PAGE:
Another nice aspect of 3 phase supplies is the ease of making DC from them. A full-wave rectification setup produces ripple at six times the power frequency (50Hz ->300Hz ripple) and the unfiltered output is largely DC already (87% DC) At 400 Hz, a fullwave setup results in a ripple frequency of 2400Hz. Much less iron in the transformers or variacs as well.

    I suspect a lot of old gear goes the scrapyard because nobody wants it. I was offered the VAX 11/730 that was used at Sorcim in the 1980s. I could not come up with a reason to own the thing, so I let it go unclaimed.

  8. #28

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    Quote Originally Posted by Wildfire View Post
    Thank you

    Would you also agree to the following / or had the same experience: ?

    When you want to have a special system you can have luck and find or get one fast,
    the normal way is that it takes time to find one.
    BUT - if you managed to get one suddenly an other one or multiples pop up out of the fog...
    Oh, yes! Nothing makes rare systems show up faster than having one.


    Quote Originally Posted by Wildfire View Post
    Is there an truck drivers license needed in the US to drive your 5-ton truck ?
    It varies from state to state, with a confusing mess of state and federal laws. California requires a Class B Commercial Driver's License to drive it, even for personal use, based on gross vehicle weight rating, the fact that it has more than two axles, and the fact that it has air brakes. In other states, a Commercial license may not be required if it's not being used for commercial purposes, though the air brakes may complicate things. I don't know the licensing requirements in other states, but I'm aware that California is unusual by requiring a Commercial license based on the vehicle type regardless of how it is used, while many other states only requre Commercial licenses for commercial uses.

  9. #29

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    Quote Originally Posted by Wildfire View Post
    We did have the same problem with one drive which needed also a new LED and photodiode.
    BUT, keep in mind when you still have some data on the drive unit you want to access do not loosen or exchange the whole plastic unit with the components - you will loose the synchron tracking the drive was initiated with.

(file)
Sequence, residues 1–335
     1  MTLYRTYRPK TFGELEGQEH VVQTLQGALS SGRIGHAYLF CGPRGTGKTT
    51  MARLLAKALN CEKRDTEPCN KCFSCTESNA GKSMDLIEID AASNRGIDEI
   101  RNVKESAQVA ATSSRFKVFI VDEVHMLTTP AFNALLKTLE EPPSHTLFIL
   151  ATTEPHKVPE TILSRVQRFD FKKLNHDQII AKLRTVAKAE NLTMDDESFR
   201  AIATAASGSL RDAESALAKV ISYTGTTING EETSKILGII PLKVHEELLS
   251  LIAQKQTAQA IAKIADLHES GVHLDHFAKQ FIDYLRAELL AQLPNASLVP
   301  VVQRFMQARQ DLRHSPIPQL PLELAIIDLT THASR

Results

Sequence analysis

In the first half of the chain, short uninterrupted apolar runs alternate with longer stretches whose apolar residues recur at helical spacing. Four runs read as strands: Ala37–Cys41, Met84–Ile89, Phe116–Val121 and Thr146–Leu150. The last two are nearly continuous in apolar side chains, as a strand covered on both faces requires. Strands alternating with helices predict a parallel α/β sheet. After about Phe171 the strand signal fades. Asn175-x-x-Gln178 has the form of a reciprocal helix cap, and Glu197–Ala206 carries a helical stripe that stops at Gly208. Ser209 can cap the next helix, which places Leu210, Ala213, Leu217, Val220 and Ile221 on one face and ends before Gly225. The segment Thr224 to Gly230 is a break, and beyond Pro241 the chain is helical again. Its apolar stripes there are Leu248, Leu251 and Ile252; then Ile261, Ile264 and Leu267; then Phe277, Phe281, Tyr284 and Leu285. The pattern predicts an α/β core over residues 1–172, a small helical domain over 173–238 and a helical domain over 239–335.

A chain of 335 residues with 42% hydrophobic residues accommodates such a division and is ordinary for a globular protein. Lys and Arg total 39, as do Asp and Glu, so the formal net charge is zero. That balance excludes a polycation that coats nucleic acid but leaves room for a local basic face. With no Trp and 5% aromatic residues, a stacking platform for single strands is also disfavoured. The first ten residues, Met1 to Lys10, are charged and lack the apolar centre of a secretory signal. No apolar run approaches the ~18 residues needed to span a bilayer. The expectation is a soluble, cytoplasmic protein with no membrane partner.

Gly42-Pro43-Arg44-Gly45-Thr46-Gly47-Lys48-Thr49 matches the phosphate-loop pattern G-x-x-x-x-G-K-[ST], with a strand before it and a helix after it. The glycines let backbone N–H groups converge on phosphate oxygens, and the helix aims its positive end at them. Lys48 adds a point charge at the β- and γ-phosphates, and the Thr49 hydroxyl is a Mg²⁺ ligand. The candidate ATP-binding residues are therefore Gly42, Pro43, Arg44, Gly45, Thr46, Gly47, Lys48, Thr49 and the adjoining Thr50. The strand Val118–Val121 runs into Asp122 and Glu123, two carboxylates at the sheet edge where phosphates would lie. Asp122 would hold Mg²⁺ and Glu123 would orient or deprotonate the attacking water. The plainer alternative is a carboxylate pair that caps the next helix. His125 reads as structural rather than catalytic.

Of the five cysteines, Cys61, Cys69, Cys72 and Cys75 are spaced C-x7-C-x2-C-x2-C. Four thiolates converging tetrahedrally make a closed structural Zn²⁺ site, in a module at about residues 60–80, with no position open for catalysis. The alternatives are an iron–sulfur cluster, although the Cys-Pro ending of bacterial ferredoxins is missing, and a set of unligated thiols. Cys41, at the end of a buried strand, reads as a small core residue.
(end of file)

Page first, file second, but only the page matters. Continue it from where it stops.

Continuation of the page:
If you have luck you only need to clean the LED and photodiode with compressed air and also Q-Tips with isoprop.
    I will give that a try next time we are working on the 11/44.

    Quote Originally Posted by Wildfire View Post
    Nice tools you did rescue for your drives - did you ever have to use them up to now ?
    When I first got the KS10 running the TU45 tape drives did not work. After lots of tedious debugging using the 8080 console processor I found lots of mechanical and plumbing problems in the TU45, and several problems in the TM03. Then I could boot diagnostics, and found that the disks didn't work. I used the suitcase of electronics to make sure that the RP06 disk was OK, so the problem had to be in the RH11, cable, or Massbus<->SMD adapter in the RP06. After a lot more logic analyzer work it turned out to be the Massbus cable. Without the suitcase of electronics I could have been chasing the disk problem for a long time.

    I have a similar problem with the RM03. The diags can see the drive and read its serial number, the drive is ready, but it will not format. I have not fixed this yet.
    Member of the Rhode Island Computer Museum
    http://www.ricomputermuseum.org

  10. #30

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    Quote Originally Posted by Chuck(G) View Post
    At 400 Hz, a fullwave setup results in a ripple frequency of 2400Hz. Much less iron in the transformers or variacs as well.
    And that is why the 115VAC in a commercial aircraft is 400Hz.
    Member of the Rhode Island Computer Museum
    http://www.ricomputermuseum.org